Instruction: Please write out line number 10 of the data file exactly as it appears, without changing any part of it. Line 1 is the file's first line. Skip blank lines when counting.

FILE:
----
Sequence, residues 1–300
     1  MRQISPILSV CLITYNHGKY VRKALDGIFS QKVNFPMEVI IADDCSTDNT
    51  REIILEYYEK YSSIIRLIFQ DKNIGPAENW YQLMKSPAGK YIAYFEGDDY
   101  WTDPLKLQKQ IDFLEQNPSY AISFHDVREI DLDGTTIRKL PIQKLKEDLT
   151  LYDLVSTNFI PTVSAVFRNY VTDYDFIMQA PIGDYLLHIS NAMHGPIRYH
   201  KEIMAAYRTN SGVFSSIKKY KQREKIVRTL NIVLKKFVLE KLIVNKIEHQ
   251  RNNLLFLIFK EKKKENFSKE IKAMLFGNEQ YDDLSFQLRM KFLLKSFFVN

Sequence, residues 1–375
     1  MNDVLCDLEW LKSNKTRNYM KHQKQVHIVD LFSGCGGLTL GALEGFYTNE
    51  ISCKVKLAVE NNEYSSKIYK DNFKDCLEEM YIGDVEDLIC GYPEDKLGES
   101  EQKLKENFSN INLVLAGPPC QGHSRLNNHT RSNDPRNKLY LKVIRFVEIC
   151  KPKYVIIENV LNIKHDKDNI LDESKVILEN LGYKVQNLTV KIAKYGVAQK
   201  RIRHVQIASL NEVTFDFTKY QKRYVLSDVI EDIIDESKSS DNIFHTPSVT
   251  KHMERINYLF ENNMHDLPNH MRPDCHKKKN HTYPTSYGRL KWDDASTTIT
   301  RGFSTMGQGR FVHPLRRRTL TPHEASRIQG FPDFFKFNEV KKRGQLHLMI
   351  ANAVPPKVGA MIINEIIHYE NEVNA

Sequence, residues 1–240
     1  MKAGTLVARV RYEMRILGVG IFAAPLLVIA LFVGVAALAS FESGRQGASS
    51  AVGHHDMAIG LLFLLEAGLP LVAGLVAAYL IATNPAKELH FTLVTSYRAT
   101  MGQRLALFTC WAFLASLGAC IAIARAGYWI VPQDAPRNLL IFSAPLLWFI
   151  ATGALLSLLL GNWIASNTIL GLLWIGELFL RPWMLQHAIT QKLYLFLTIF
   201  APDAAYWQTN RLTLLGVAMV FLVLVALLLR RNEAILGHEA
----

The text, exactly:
    51  ISCKVKLAVE NNEYSSKIYK DNFKDCLEEM YIGDVEDLIC GYPEDKLGES